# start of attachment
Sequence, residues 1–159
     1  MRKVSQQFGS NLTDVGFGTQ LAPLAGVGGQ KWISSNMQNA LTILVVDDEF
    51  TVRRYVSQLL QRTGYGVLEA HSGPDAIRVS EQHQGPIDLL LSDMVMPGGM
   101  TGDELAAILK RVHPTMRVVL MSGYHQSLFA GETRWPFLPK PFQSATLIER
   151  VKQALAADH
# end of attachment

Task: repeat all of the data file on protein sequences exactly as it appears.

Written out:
Sequence, residues 1–159
     1  MRKVSQQFGS NLTDVGFGTQ LAPLAGVGGQ KWISSNMQNA LTILVVDDEF
    51  TVRRYVSQLL QRTGYGVLEA HSGPDAIRVS EQHQGPIDLL LSDMVMPGGM
   101  TGDELAAILK RVHPTMRVVL MSGYHQSLFA GETRWPFLPK PFQSATLIER
   151  VKQALAADH